A huge hole in this study is in its exclusions– the fact that the vast majority of gun owners do not have carry permits.

    And as one who advocates freedom, I do NOT think that reducing GUN violence necessarily translates to a safer society. That whole “gun violence” meme is crap. Being killed with a knife because you had no gun to defend yourself is not an improvement over using gun violence to save your life. My sister and her daughter, for example, are both dead due to a shortage of life-saving gun violence in their home.

    As for “fostering dialogue on…safety”: Who’s safety—yours or the criminals? I’d much rather “foster a dialogue” on freedom. Safety is a personal issue, between you and your insurance company. Government’s job is ensuring our Freedom. See if you can say that: FRREEEEDOM. I know you can do it.

    Lastly, the mere mention that carry permits are public information, and then demonstrating that all one has to do is ask for it, will no doubt have a chilling effect, all on its own, against further permit applications. Maybe that was the whole purpose of the “story” in the first place. And for anyone who wishes to guffaw the idea, that is EXACTLY the argument used against making AIDS patients known to the public—that knowing they would be put on a public list, they be less likely to seek treatment. It’s a valid argument.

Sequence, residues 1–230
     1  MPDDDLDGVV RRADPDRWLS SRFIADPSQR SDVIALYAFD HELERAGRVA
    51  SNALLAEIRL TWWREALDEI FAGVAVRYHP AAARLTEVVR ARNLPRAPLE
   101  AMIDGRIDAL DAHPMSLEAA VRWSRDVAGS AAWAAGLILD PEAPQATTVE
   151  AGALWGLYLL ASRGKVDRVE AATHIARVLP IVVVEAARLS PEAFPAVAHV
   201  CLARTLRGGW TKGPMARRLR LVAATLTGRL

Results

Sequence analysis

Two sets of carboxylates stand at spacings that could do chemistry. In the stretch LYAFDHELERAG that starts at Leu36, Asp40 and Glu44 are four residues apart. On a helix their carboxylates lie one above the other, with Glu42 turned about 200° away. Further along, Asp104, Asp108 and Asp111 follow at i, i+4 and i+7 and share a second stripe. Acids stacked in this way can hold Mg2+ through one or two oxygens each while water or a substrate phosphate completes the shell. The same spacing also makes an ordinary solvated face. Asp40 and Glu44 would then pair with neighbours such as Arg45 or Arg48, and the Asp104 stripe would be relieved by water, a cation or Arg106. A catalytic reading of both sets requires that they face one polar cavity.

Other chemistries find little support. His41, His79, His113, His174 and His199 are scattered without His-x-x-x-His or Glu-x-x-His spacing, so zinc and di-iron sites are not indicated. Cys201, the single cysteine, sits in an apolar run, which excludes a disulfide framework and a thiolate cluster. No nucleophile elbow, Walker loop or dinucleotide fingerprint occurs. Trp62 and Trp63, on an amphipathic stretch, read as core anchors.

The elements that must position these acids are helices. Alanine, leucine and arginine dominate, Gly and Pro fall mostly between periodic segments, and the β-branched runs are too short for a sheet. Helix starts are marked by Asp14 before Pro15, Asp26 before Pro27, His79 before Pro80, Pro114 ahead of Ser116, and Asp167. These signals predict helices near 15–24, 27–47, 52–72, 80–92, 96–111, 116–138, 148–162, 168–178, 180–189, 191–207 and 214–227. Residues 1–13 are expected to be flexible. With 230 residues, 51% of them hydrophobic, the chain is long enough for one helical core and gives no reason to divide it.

6. Jake Jost Says:

    Hey, folks.

    Cam, glad you enjoyed the story. Lyle–I don’t even know what anyone could possibly ever say to assuage your fears. Frankly, those words don’t exist.

    Re: an alternative form of release–it’s something that could potentially work, but it would have certainly limited our analysis for this story. The individual addresses allowed us to generate points and then summarize them by Census tract. Zip code polygons are an unruly beast–if anyone wishes, I could render a map of Tennessee’s for you, and you’d see what I mean. Of greater concern, however, is the lack of Census data matching up to Zips. And Census tracts really tend to summarize neighborhoods a bit better, giving a better sense of the trends.

    Anyhow, we’ve added an embedded Google map that will let you search an address in Tennessee and then view the profile for that Census tract (no individual address points). Link is in the commentary; Becker’s story goes on-air at 11, and we’ll link it all up online.

    Regards,
    –Jake, wbir.com

  7. # 9 Says:

    Jake, I hope you don’t mind, where do you live?

    I would like John Becker’s home address as well.

    Why do I ask? Because people who have a carry permit often have several guns. And guns are very valuable to criminals.

    To be very clear, I don’t want to know where you live. That was a rhetorical question. You have a right to privacy and I respect that. As I hope you will respect that right to privacy others have. This is the reason I do not have a carry permit. But does that does mean I am unarmed? No one really knows do they?

    I hope you will not make public peoples home addresses or provide Internet Links to where that information may be obtained. To do so may endanger people in your viewing audience. That is not part of the mission of WBIR is it?

    I know this may seem to be fascinating to you as a reporter. But do you understand you may be putting people in harms way if you publish this information?